A Throw of Dice (1929)

Director: Franz Osten

I’ve been known to say that some films are best appreciated within their particular historical context, but A Throw of Dice offers a particular challenge to that notion because, well, what actually is the context here? It’s a German/Indian co-production (with some British money thrown in too) from the end of the silent era, so how do we view it… indeed, how can we view it? I’ve read that only about a dozen Indian silent features survive in any part, and at least three of those—including this one—are actually by the German director Franz Osten. The film does, perhaps inevitably, bear certain stylistic similarity with European films of the time, of course; what I wonder is how much like other “actual” Indian films of that time it was. Did Indian silent cinema commonly exploit the sort of technical and material resources Osten clearly had available? I don’t know and I rather doubt there’s any way of knowing now.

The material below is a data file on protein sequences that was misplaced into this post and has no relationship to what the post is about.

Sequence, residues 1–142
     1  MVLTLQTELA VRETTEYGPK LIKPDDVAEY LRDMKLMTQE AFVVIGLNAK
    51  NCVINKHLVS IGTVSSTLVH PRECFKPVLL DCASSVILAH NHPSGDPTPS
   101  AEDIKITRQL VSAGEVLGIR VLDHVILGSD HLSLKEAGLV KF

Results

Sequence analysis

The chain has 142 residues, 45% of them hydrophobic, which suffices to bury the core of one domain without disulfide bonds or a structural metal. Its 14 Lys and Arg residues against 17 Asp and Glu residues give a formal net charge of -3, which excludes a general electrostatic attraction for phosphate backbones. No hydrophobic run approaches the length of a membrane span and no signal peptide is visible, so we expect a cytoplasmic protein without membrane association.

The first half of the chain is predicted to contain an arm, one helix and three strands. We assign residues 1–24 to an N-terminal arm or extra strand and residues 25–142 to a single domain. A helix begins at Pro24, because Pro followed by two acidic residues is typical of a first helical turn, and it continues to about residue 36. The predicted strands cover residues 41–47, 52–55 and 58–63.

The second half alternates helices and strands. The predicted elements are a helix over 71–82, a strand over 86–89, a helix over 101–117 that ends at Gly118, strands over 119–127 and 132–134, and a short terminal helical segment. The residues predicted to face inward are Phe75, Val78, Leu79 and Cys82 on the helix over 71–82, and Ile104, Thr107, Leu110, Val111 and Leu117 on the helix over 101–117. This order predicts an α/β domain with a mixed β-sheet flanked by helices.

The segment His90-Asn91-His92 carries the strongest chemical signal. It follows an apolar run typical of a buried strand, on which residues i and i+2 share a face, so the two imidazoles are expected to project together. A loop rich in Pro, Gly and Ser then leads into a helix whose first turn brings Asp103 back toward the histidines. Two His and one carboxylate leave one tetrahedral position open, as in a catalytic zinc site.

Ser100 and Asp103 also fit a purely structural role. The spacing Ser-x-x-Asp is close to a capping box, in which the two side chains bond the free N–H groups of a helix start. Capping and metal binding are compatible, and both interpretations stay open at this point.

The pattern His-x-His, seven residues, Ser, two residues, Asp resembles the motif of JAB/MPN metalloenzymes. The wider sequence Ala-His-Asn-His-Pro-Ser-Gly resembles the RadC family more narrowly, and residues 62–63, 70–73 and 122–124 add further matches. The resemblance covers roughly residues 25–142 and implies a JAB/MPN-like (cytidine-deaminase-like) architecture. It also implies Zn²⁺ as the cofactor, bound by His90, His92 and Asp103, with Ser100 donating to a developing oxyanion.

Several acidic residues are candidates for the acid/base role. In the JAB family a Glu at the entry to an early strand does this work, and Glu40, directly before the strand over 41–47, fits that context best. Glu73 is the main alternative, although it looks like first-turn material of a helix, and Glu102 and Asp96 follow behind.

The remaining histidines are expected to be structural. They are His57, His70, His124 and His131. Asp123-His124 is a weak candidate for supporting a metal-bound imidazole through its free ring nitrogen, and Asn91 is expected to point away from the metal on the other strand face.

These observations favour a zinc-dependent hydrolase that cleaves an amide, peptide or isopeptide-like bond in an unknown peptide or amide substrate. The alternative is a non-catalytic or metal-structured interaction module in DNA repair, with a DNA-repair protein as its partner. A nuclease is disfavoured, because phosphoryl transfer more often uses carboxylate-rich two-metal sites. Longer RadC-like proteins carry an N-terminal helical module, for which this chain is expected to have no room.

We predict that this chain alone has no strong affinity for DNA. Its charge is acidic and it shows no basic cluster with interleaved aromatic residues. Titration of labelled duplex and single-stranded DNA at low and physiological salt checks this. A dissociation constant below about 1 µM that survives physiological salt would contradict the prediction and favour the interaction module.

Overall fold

The story involves two kings, Ranjit and Sohan; the latter wants the former’s crown, and also the young woman he loves, and when attempted murder and blackmail don’t work for him, Sohan decides he must exploit Ranjit’s passion for gambling instead. This story apparently originates in the Mahabharata, although I suppose there’s nothing inherently “Indian” about it; that sort of lust for power and control is probably universal… but it not only made me wonder how it would’ve fit in among Indian films of the period, but were Indian audiences even the “real” target. Cos the film struck me as being like the sort of thing Fritz Lang and Joe May were doing in Germany a decade earlier, that sort of exotic extravaganza a la The Indian Tomb… although Osten had evidently absorbed certain technical developments made since then and perhaps absorbed better budgets as well; supposedly there are 10,000 extras used in the film, which I could believe, and the film is remarkably lavish and big-scale in production terms for something that only clocks in at 70-odd minutes. Part of me wishes I could just watch films without contemplating issues like this and “just enjoy them” like alleged normal people—cos the film is decently entertaining one way or the other, helped by those handsome production values and good surviving print quality—but then again I suppose that sort of contemplation is part of my enjoyment of this sort of thing…

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